Methane-eating organism a shapeshifter

A microorganism that feeds on methane to reduce the release of gas into the atmosphere is also a shapeshifter, a study has found.

The microorganism, known as Candidatus Methanoperedens nitroreducens (or Ca. M. nitroreducens), is a critical life form in maintaining the earth's climate.

It feeds on methane produced in the environment, dramatically reducing its release into earth's atmosphere, found the QUT Centre for Microbiome Research study.

According to National Geographic, methane is a potent greenhouse gas that originates from lakes and swamps, natural-gas pipelines, deep-sea vents, and livestock that traps heat in earth's atmosphere.

It says methane is about 28 times more powerful than carbon dioxide at warming the earth on a 100-year timescale and more than 80 times more powerful over 20 years.

"As a greenhouse gas, methane is second only to carbon dioxide in contributing to climate change, making these organisms vital for maintaining earth's climate," QUT researcher Simon McIlroy said.

The microorganism performs anaerobic methane oxidation and nitrate reduction - effectively feeding on the methane.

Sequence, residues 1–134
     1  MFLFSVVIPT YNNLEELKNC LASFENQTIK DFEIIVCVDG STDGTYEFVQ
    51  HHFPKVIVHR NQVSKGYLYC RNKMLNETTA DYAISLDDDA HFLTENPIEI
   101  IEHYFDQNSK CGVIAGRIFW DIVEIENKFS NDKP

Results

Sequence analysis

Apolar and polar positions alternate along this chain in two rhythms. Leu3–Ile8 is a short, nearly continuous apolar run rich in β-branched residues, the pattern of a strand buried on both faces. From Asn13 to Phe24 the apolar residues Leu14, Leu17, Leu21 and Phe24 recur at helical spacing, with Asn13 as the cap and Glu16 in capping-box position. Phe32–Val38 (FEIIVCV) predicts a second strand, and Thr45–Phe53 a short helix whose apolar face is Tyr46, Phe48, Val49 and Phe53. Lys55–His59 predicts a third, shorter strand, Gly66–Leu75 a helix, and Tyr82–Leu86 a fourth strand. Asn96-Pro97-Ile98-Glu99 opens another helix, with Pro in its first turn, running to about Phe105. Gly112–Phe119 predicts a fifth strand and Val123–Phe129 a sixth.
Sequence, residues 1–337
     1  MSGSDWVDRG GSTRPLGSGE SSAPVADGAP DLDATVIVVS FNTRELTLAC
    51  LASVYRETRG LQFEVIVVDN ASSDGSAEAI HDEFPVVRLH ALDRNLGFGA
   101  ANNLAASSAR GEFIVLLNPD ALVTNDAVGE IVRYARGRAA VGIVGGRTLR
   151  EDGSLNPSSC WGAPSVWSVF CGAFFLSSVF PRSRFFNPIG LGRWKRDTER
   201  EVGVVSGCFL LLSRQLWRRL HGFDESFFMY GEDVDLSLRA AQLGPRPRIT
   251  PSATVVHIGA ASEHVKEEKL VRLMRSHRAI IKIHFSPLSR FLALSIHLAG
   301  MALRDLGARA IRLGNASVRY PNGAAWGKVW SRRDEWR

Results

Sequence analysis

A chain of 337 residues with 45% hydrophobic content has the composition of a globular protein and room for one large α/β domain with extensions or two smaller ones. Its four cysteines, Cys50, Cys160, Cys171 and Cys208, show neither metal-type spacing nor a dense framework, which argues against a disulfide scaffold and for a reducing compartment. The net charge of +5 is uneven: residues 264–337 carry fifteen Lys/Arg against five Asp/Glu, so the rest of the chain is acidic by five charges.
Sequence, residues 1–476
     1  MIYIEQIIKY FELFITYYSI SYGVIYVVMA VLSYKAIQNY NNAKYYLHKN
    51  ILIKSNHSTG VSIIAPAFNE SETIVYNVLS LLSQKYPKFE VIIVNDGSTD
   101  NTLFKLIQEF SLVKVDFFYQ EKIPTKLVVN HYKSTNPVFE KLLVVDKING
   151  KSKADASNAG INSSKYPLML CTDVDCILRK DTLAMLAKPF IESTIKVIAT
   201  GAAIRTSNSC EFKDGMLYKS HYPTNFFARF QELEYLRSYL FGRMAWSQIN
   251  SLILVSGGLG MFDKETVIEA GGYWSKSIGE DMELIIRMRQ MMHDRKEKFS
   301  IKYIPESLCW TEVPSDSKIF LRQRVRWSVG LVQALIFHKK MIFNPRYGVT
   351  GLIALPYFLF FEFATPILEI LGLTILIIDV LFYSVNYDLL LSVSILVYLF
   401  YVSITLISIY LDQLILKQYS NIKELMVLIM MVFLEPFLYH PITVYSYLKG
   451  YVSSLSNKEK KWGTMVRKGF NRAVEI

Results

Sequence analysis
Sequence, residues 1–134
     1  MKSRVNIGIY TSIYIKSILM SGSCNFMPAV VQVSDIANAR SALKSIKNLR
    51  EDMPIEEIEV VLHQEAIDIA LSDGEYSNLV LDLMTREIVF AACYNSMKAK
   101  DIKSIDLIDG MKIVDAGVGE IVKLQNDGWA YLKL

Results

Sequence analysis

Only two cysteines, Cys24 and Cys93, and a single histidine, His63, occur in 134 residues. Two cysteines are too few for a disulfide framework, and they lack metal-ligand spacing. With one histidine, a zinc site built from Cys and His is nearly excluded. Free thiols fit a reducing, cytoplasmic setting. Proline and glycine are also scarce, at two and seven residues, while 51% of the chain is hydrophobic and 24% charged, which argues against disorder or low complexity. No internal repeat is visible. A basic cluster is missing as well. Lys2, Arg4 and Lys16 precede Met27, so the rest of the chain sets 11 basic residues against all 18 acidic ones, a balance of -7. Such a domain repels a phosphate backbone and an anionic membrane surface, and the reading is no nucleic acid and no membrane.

"This species is globally distributed in natural environments where organic carbon is present in the absence of oxygen," Dr McIlroy said.

"These microorganisms feed on methane produced in the environment, dramatically reducing its release into earth's atmosphere."

However, the study revealed the microorganism rapidly changes its shape and metabolism, "stealing" genes from other species to enable it to use different nutrients.

"We found in the current study that all the observed Ca. M. nitroreducens cell types were genomically identical, despite having different shapes and gene expression profiles associated with carbon metabolism, movement and cell division,'' he said.

"The different cell types of this single microbial species appear to perform different functional roles, enabling the species to rapidly respond to and endure sub-optimal environmental conditions."

Dr McIlroy said the study was the first to demonstrate distinct life stages for a member of the Archaea within a complex microbial community.

"These findings have general implications for our understanding of how microorganisms adapt to changes in their environment," he said.